PUERTO VALLARTA, Jalisco, Mexico - A friend of mine - familiar with what we are doing in Mexico - recommended a book to me called The Long Emergency, by James Howard Kunstler.
Thanks a lot, Randy... As if I needed more material for nightmares.
It's not a novel, or a work of fiction. But it is more frightening than anything Stephen King or Dean Koontz has pumped out. And it's unlikely they will be able to top it, unless they spin off what Kunstler has written.
Why? Well, because much of what he predicted is already happening, just a few years after the book was published.
Cover of The Long Emergency
The book's major premise is that we are running out of oil (no duh...) and that as that happens, most of what we know will either completely disappear or have to be transformed in ways that are not pretty. I've read some of this before, but not with such dramatic, clear analysis and portraits of what life is likely to be like for the balance of the century.
(Good luck my children and grandchildren.)
Take the suburbs. If there isn't enough oil to make gasoline - and gasoline for cars - how will people commute to work? Or shop. Or get to the doctor? Or? (Forget trains and buses, at least in the U.S. Our systems can't handle the few people who want to use they now.)
Kunstler's grim world is one in which we all will end up going back to the basics of agriculture and subsistence living. The job openings - maybe in just 20 or 30 years - will be for farm hands, not public relations practitioners.
American Gothic - in 2030?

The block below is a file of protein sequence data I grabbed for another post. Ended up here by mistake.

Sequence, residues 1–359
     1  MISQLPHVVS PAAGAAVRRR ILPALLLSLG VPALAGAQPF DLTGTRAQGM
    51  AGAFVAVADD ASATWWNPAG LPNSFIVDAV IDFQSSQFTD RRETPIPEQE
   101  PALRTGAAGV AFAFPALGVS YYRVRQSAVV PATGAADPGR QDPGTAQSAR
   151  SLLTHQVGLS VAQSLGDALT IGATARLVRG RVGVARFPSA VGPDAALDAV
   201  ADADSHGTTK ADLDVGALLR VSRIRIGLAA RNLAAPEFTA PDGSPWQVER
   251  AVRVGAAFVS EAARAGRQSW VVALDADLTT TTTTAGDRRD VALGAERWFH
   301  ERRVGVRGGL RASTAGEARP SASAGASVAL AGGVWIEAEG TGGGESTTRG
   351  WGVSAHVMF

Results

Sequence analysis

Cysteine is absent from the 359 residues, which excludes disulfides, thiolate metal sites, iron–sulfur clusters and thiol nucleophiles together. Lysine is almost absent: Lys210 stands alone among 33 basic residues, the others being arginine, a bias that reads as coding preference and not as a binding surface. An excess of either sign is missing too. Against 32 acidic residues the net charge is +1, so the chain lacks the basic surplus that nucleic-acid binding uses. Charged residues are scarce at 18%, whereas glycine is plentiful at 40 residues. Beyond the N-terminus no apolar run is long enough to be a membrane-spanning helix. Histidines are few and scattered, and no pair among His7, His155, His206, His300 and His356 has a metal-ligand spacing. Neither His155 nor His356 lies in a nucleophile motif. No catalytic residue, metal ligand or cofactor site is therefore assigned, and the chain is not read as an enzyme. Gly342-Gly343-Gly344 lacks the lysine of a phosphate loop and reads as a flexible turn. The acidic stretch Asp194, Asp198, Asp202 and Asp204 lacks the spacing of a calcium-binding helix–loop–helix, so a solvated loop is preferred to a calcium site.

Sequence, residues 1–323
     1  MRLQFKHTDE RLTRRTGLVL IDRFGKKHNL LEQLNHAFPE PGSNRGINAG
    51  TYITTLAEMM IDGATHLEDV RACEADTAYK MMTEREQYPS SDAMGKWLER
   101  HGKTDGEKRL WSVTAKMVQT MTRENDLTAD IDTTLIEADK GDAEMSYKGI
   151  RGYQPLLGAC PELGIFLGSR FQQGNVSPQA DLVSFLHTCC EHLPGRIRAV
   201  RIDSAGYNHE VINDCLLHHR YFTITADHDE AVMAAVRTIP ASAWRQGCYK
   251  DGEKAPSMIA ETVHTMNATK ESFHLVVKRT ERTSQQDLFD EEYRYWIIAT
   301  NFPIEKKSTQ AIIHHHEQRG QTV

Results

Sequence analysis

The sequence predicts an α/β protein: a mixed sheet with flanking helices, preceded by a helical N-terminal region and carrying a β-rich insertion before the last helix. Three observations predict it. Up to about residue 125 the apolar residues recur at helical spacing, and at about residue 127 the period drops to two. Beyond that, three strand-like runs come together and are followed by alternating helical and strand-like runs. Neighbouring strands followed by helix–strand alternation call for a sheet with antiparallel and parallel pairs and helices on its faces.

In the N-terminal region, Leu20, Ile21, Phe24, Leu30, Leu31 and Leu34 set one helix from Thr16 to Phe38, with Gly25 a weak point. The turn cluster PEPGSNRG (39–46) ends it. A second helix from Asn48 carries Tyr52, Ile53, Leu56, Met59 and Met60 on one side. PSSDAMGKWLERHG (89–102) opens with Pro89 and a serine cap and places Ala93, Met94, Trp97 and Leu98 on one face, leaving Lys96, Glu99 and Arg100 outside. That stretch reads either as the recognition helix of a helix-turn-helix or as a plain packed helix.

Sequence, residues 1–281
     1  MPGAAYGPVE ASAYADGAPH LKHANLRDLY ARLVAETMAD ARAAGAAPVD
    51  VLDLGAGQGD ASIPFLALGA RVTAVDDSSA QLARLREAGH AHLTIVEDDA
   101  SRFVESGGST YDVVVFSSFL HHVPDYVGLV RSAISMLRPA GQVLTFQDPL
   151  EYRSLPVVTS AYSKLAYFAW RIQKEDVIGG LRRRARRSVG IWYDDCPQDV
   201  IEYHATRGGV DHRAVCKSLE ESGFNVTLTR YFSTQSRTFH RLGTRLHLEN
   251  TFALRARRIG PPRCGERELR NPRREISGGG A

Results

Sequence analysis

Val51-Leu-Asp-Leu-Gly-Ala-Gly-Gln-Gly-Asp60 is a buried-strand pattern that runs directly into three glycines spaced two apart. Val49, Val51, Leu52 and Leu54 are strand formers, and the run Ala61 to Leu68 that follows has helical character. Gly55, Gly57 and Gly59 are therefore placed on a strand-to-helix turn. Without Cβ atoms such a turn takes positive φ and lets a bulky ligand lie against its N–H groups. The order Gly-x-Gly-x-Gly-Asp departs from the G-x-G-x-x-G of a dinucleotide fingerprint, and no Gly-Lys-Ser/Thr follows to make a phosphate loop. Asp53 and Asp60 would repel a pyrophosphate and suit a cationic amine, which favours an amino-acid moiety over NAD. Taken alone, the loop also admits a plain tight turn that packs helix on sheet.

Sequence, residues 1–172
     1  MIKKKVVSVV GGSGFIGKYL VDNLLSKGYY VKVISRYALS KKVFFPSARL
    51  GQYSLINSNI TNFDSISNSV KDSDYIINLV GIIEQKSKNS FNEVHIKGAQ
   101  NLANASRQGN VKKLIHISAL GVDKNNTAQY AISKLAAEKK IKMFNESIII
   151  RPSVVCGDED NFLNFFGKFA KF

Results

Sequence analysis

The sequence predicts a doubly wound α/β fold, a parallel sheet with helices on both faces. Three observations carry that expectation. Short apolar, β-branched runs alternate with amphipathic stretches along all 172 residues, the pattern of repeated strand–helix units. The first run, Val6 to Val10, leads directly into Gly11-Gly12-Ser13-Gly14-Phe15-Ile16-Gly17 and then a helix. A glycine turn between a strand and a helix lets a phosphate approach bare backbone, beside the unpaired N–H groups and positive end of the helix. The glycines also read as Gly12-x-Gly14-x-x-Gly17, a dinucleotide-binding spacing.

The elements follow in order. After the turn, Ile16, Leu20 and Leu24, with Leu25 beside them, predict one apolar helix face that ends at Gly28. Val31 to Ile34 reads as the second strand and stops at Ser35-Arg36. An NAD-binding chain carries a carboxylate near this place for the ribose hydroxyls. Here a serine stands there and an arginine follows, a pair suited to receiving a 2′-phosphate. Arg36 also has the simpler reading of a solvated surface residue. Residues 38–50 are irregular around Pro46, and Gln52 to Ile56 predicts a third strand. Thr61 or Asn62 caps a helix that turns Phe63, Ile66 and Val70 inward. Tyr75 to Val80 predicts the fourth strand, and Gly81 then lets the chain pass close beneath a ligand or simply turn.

More to the point, he also talks in detail about the entire house of cards built by most of the world in which we have been depleting resources at a rate so fast it makes you dizzy. He also talks about the U.S. housing situation that tipped the scale so neatly, catapulting the U.S. into its current downward spiral and recession.
Before you dismiss all of this with a wave of that magic wand that says 'alternative energy and new technologies will save us,' read his analysis of why that magic wand won't be nearly enough to save billions of people in the world from starving to death.
And for anyone who thinks government - that of the U.S. or any nation - will be able to keep life as we know it afloat, perhaps a listen to the short interview might convince you otherwise.
In case the book seems, well, a little too much to chew on, Kunstler also wrote a sort piece for Rolling Stone that sums up most of the themes of his book.
Sweet dreams, y'all
Here's the link to Rolling Stone: